/Chappie: Robot Scifi Done Well

Chappie: Robot Scifi Done Well

I was a huge fan of DISTRICT 9, and when I saw Neill Blomkamp was directing another scifi feature I hoped it would deliver on the high quality of his previous film. I was not disappointed.

Chappie movie poster
Chappie (2015) – Written By Neill Blomkamp, Terry Tatchell
Photo: IMDB

Chappie (2015) follows the adventures of an unlikely group of characters. It centers on robot design engineer Deon Wilson (Dev Patel) who has built an army of mechanized cops that patrol South Africa. Inspired by his success and his love of mecha, he goes on a quest to create a sentient robot and succeeds in giving consciousness to a damaged patrol robot that becomes Chappie (Sharlto Copley).

However, three thugs – Ninja, Yo-Landi and Amerika (Jose Pablo Cantillo) have other plans. They want to kidnap Patel and have him shut down the police force so they can pull off a huge heist and pay off a competing crime lord. Rounding out the cast are Vincent Moore (Hugh Jackman) as Patel’s arch-nemesis (who has designed a human-piloted, remote controlled tank) and Michelle Bradley (Sigourney Weaver) as Deon’s by-the-book boss.

Strong Story with So Many Intriguing Themes
Chappie’s character arc is really interesting. He begins the story as an infant, unable to talk and fearful of the outside world. Over time he learns through his experiences: he knows there’s a creator who cares about him and wants him to reach his full potential. Chappie spends his days with a mother, father and brother figure who want to use him to their own ends.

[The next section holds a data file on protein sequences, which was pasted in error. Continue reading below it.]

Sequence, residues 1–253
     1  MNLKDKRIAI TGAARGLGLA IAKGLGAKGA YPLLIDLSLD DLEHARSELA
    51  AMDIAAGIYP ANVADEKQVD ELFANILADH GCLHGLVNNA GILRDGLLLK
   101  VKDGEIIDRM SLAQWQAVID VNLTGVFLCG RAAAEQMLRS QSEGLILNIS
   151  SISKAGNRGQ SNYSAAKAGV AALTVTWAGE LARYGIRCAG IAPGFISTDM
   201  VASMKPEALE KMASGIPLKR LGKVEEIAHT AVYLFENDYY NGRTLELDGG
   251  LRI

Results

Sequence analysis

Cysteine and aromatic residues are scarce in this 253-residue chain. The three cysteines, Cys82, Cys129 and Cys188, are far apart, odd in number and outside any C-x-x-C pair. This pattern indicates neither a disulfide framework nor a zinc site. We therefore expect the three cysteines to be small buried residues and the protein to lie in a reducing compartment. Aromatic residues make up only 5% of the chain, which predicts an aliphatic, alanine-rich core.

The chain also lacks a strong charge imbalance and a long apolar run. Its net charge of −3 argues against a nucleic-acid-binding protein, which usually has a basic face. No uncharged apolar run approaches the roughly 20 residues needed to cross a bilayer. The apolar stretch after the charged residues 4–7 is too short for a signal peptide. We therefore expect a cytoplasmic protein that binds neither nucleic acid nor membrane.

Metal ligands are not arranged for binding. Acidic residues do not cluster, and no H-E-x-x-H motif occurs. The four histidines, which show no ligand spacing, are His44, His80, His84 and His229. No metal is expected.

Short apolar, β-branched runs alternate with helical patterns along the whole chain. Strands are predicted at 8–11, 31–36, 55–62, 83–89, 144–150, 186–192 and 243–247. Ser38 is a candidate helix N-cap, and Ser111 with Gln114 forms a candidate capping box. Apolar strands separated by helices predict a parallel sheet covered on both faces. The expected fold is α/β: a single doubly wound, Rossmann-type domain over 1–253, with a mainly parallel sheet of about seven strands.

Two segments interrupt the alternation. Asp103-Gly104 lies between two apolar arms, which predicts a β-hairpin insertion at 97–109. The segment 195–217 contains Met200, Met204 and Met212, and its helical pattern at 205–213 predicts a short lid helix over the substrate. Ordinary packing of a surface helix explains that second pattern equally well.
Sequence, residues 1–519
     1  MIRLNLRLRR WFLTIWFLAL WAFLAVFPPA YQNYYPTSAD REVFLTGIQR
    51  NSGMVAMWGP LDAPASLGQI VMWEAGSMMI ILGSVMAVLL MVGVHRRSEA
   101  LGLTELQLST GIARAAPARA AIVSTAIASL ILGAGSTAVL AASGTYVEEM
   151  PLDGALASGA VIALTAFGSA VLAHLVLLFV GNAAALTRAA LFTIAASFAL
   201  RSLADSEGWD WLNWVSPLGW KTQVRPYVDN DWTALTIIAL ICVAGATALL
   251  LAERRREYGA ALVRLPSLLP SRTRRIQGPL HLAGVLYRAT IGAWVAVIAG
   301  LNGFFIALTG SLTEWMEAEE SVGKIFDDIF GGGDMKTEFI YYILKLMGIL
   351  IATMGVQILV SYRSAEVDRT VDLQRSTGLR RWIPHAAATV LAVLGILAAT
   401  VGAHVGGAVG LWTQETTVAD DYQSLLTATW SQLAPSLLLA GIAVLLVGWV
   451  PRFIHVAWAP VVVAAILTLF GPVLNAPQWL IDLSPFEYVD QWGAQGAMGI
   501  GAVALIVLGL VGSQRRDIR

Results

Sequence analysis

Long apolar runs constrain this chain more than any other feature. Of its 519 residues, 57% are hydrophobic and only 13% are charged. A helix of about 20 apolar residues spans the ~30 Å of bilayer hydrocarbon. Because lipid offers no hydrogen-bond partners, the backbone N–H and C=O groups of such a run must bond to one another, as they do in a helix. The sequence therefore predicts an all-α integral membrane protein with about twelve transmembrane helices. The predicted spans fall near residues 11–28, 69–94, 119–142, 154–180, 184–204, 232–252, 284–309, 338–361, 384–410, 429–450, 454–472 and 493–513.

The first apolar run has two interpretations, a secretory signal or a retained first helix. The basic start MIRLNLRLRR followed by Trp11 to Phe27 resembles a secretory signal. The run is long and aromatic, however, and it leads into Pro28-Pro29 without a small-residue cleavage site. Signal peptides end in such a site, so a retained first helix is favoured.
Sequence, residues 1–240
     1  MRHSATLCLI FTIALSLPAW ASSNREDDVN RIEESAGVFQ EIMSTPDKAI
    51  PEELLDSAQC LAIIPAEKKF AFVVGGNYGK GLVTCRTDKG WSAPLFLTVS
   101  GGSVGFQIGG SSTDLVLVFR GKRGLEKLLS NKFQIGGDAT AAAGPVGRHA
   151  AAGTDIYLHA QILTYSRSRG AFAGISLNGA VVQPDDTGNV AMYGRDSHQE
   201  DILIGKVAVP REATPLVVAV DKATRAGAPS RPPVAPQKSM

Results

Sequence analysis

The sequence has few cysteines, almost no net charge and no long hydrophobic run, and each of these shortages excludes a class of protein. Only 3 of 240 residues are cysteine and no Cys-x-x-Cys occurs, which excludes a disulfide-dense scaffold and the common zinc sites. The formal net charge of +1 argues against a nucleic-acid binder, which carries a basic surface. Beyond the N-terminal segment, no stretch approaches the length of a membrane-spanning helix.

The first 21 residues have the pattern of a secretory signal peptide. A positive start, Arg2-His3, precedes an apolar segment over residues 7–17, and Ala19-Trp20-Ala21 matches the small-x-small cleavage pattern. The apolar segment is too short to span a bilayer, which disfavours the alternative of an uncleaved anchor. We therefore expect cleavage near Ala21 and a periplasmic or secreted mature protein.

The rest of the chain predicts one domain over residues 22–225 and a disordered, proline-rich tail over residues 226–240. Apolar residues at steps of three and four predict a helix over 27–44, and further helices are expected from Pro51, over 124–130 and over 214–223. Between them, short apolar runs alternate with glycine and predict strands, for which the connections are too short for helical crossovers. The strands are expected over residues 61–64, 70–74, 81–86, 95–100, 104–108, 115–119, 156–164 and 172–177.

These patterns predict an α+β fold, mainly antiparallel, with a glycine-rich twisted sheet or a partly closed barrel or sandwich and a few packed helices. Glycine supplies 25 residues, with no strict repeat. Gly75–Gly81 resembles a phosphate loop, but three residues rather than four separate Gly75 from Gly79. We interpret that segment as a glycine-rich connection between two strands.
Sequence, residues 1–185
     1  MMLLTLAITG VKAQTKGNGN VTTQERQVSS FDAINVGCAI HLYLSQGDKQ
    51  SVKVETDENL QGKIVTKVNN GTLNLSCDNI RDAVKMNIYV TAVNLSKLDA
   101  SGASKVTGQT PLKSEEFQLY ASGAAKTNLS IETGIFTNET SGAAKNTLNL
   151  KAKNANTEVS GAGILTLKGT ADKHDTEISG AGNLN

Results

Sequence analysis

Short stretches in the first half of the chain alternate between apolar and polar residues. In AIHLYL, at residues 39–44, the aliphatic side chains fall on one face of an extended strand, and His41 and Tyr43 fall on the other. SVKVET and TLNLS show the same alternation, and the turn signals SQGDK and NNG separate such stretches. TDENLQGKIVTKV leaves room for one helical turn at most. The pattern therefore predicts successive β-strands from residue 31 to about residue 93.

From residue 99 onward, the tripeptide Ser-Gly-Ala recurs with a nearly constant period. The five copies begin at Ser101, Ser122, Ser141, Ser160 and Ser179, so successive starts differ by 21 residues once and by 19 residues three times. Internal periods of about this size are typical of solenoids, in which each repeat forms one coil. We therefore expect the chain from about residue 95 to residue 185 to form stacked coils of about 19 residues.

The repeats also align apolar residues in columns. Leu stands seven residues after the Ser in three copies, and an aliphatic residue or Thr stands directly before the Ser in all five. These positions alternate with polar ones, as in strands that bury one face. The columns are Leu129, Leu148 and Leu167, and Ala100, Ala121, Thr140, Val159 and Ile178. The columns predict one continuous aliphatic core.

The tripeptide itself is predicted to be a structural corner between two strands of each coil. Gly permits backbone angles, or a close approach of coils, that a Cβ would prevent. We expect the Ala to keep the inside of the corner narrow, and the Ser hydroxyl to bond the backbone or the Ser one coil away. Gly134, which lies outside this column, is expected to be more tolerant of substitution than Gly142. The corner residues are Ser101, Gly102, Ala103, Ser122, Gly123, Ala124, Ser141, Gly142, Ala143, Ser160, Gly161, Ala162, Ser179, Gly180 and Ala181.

IMHO from a story perspective this was one of the most original scifi films I’ve ever seen, alongside Blomkamp’s District 9. There are so many deep and engaging themes here – why are we here, does God exist, are we “bad” because of our environment or because of how we’re “wired,” and by the way what is “bad” anyway?

The themes in the film are like the flavors in a finely crafted soup: they all come together and mingle in ways that make each one’s presence known without interfering with one another in any way. It sounds complex – and it is – but at no time as a viewer did I feel overwhelmed.

The performances across the board are engaging and overall fantastic. There are a couple of “huh?” moments that you’ll think about after the movie’s over, but they don’t detract from the very engaging story.

Overall, I rate this a must-see for any scifi or speculative fiction writer.

Some know me as...Tim...